In 2004 an advisory panel put some time and effort into producing a report for Haringey council. This group documented its proceedings in this 2004 Future of HTH Advisory Panel Report. The executive summary of this report is reproduced in full below. The report itself is well worth looking at it contains a list of the very extensive community representation that went into its production, and the very good advice they sought from a number of advisory and grant funding bodies, as well as meeting with others who have carried out similar tasks in the past.

Executive summary
Context
Haringey Council has given notice that it intends to relocate its staff from Hornsey Town Hall in 2005. The Council’s Executive Committee considered the future of the building and surrounding site in February 2004, and in response to substantial public concern and interest in the future of the complex, established our panel to advise them on community needs and aspirations.
Through our work we have become aware of the importance of this building for local people, as a geographical centre for Crouch End, as a physical resource, but also as a focus of community feeling, helping to define the particular characteristics of this part of the borough. It is also apparent that HornseyTown Hall is not just a resource
for Hornsey and Crouch End, but for the whole boroughand wider community of north London, and is of national architectural significance.
Vision
Over the past eight months, we have worked closely together to arrive at a shared vision for Hornsey Town Hall: a building restored to its former glory as a vibrant and viable centre for Crouch End and the wider community, providing a range of artistic, cultural and educational facilities, with the package underpinned financially by appropriate commercial uses and development. We urge the Executive to adopt this vision.
Constraints
At the same time, we considered the risks inherent in seeking to achieve this vision:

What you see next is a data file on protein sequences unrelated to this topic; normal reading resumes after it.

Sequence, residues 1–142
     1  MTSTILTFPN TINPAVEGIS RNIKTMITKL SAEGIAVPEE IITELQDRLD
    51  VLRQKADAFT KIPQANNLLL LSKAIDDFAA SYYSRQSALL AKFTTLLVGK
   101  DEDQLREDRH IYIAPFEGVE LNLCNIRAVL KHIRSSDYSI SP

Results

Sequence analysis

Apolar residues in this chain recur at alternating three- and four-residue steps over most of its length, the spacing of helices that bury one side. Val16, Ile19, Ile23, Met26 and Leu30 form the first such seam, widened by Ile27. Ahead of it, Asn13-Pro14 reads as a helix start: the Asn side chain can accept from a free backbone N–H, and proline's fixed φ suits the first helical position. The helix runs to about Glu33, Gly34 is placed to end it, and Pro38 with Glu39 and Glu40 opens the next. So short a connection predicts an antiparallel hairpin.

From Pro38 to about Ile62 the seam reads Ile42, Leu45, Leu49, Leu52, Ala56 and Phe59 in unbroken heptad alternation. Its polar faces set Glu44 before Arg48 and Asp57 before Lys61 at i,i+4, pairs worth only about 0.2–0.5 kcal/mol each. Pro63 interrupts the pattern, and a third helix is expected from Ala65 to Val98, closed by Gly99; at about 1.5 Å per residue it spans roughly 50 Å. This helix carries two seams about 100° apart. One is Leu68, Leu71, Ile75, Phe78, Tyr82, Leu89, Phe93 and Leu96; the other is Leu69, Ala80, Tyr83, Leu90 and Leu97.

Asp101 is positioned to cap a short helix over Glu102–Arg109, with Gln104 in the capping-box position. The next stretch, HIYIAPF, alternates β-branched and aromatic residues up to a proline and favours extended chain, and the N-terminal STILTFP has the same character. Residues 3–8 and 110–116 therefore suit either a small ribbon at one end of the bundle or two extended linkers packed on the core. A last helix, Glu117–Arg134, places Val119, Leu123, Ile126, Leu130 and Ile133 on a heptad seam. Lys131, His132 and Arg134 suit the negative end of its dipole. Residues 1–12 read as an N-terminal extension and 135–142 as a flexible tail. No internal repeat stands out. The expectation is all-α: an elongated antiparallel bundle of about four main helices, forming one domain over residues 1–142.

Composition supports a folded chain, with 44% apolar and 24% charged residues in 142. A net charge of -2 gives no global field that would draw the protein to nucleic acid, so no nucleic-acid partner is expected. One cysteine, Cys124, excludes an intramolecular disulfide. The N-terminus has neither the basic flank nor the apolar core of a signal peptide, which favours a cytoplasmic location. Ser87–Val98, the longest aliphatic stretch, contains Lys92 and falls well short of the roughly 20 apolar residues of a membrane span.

the constraints imposed by the building itself, and its listed status; the Council’s current and increasing maintenance liability, the finances needed over time for full restoration and adaptations for modern uses.
We welcome the position of the Council as expressed to us; that the site should be dealt with as a whole; that community aspirations should be recognised while taxpayer liabilities are minimised; and that proceeds generated from the site should
be used for restoration. The Executive should confirm this position.

Unsurprisingly, there are a range of views on how our vision for Hornsey Town Hall might be realised: One position argues for the whole project to be taken forward by a charitable trust, separate from the local authority, overseen by trustees; another that a private developer, subject to appropriate safeguards for community interest, would be best placed to drive the development.
The way forward
We considered carefully the risks and benefits of the different approaches. We suggest, as a possible “middle way”; that appropriate commercial and non commercial capital could be harnessed in partnership with the Council and the community in a “tripartite” approach, working together with an appropriate charitable trust, to develop a high quality scheme, and that longer term community interests should be entrusted to such a trust. Our recommendations are set out on page 5.
It is now for the Executive to decide on an appropriate way forward, balancing risks and benefits, and acting in the best interests of the local area, the wider community and the authority.